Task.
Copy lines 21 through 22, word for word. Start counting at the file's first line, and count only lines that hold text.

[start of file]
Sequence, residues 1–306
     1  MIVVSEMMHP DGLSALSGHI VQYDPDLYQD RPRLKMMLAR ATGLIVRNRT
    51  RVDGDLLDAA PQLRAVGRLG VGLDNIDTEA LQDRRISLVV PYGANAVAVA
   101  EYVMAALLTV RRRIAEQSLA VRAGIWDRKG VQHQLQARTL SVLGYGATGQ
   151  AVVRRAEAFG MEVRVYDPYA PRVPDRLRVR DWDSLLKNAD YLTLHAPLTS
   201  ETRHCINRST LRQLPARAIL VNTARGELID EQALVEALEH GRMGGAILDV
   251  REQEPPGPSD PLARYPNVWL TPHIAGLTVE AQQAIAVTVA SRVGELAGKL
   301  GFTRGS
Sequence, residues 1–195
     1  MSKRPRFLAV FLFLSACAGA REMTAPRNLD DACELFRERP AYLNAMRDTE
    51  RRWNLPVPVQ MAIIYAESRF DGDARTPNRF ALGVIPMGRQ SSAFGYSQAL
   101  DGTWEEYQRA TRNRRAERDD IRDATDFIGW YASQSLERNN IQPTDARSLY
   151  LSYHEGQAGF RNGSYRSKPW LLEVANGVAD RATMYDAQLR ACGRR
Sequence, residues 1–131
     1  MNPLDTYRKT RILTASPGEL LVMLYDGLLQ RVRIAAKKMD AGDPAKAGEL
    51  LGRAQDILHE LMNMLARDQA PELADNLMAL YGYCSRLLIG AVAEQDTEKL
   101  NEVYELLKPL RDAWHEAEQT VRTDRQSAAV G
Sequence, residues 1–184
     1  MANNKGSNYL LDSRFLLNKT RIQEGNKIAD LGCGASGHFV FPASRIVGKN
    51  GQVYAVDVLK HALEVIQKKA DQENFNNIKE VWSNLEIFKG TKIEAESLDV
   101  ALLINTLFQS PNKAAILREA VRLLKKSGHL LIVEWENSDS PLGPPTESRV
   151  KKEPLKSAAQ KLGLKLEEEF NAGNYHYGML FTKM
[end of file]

   101  ALLINTLFQS PNKAAILREA VRLLKKSGHL LIVEWENSDS PLGPPTESRV
   151  KKEPLKSAAQ KLGLKLEEEF NAGNYHYGML FTKM